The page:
House shrinks from just now more abjectly than from charge of
indecency. Accordingly debate stood over, and Thursday may, if
the SAGE and his Party please, and the Closure is not invoked, be
appropriated for further discussion of Clause 3.

OLD MORALITY might have moved Closure at twelve minutes to seven,
and carried Clause 3. Committee naturally expected he would. But OLD
MORALITY had another card up his sleeve. At very last moment, whilst
Members trooped out, and it was thought all was over, OLD MORALITY
gave notice of motion to take the whole time of House, including
Tuesday and Friday nights' evening sittings.

"I think you had them there," I said, as we walked across to Grosvenor

"Yes, TOBY," he said, a little flush mantling his modest face; "we've
given them rope enough, and now we'll hang them. They've had their
run, now we'll take ours. It's the main thing I always look to. Never
forget when I was still in the seminary writing out copy of verses
about a shipwreck. A graphic scene; the riven vessel, the raging seas,
the panic-stricken crowd on deck, and then this little self-drawn
picture of the sole survivor, the one man left to tell the story:

Some fell upon their bended knees
And others fell down fainting,
But I fell to on bread and cheese;
For that, Sir, was the main thing.

It's the bread and cheese I look to, TOBY, dear boy. For others the
glory of debate, the prize of Parliamentary oratory. Give me the bread
and cheese of seeing business advancing, and I'm content."

_Business done_.--Once more Committee on Irish Land Bill.

_Thursday_.--A pretty little game on to-night. OLD MORALITY moved his
Resolution taking power to appropriate Tuesdays and Fridays evening
sittings, and all Wednesdays for Irish Land Bill. In ordinary
circumstances there would have been stormy protest led from Front
Opposition Bench against this inroad on time of private Members. Other
fish to fry to-night. Wednesday week assigned for Second Reading of
Woman's Suffrage Bill; if Government take that day for Irish Land
Bill, obviously can't be utilised for furtherance of Woman's Rights.
This an awkward question for some Members; don't like it, but daren't
vote against it. Here's opportunity of getting rid of it by side-wind.
Not necessary in arranging proceedings to mention Suffrage Bill,
or even Wednesday, 13th of May. It was principle for which Members
struggled; "the principle of uniformity," as Mr. G. beautifully put
it. "Let us," he said, though perhaps not quite in this phrase, "go
the whole hog or none; take all the Wednesdays, or leave them."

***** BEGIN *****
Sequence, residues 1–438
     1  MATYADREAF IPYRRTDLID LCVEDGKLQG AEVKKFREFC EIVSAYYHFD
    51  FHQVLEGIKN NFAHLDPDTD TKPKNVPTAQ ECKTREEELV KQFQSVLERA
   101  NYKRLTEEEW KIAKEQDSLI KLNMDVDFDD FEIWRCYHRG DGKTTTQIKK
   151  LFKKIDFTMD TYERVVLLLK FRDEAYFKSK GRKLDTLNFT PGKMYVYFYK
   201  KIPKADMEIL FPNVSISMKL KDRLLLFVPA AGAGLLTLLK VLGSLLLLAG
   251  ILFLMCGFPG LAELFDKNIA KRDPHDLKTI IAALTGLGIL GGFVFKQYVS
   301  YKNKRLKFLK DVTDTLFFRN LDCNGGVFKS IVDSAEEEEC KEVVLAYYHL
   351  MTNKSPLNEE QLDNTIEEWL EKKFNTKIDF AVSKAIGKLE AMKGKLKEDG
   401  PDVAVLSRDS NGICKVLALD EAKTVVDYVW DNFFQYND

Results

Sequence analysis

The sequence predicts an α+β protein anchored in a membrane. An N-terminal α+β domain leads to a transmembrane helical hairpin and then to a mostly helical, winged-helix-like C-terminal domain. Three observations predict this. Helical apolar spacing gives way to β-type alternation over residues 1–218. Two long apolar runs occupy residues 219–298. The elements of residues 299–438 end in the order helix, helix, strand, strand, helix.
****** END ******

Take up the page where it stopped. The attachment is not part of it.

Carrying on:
Pretty to see OLD MORALITY protesting against this unprecedented
access of generosity. The very picture, as MCEWAN said, of a good
man struggling with the adversity of overwhelming good fortune. Was
prepared to take a Wednesday here and there: but, really, too much to
appropriate everyone. "Not at all--not at all," said Mr. G.

But it was only under compulsion of a Division that he consented to
accept the endowment. In meanwhile, the Woman's Suffrage Debate on
Wednesday week snuffed out, and final opportunity of Session lost.

"I'm inclined," said WM. WOODALL, "as a rule, to take kindly views of
my fellow men, to put the best construction upon their actions; but,
upon my word, I'm not satisfied in my own mind that we advocates of
Woman's Rights have not been made the victims of deep and dastardly

"Order! Order!" said COURTNEY; "no more am I."

_Business done_.--Woman's Rights men dished.

_Friday_.--Brer FOX looked in to-night, and, finding Brer RABBIT
absent, undertook charge of Irish affairs. Desirous of introducing
novelty into situation, began by patronising Prince ARTHUR. "So
conciliatory, you know; so anxious to meet the views of Irish Members;
really, they ought to meet him half-way, and refrain from annoying him
by unnecessary Amendments."

Brer FOX'S voice faltered as he spoke, and, bringing round his tail,
he gently brushed away a falling tear. Unfortunately for him, TIM
HEALY present. TIM jumped up, and fell upon his ancient chief,
flouting his counsel, and repudiating his right to leadership. Effect
upon Brer FOX something like that which followed on the flight of the
piece of old red sandstone which struck in the abdomen a gentleman,
who chanced to be standing round. The subsequent proceedings
interested him no more. He walked out, and was not seen again.
"Exceedingly rude man," he said; "never come near TIM HEALY but I feel
an infinite yearning for a fire-escape." _Business done_.--Land Bill

* * * * *

"MORE FREE THAN WELCOME."--MR. GOSCHEN'S Education Scheme, to the

* * * * *

A REGIMENT OF "THE LINE."--The Royal Academicians.

* * * * *


(_A Parliamentary Drama too good for words, after "L'Enfant Prodigue"
at the Prince of Wales's Theatre._)]

* * * * *


[Illustration: No. 199. Doctor Dubitans. "I'm afraid I've
given him the wrong stuff." Luke Fildes, R.A.]

[Illustration: No. 742. "He's got 'em on!" or, Nanny, wilt
thou gang with me in that new suit and those tight boots? By Phil. R.
Morris, A.]

[Illustration: Grand Combination Picture, "Liddell and
Scott!" [Liddell (289) by H. Herkomer, R.A., and Scott (281) by G(ee)
W(oa) Joy! "Joy and Woe!" Comedy and Tragedy.]]

[Illustration: No. 226. The Penance of Zaeo in the presence
of some Members of the County Council. P.H. Calderon, R.A.]

No. 5. "_Long Ago_." LONG (EDWIN, R.A.) and more or less of "a go."
Instead of "_Long Ago_" which is egotistical, why not _Long Egit_ or
_Long Fecit?_

Nos. 21, 22, 23. "_The Lyons Mail_" (and Female). BRITON RIVIERE,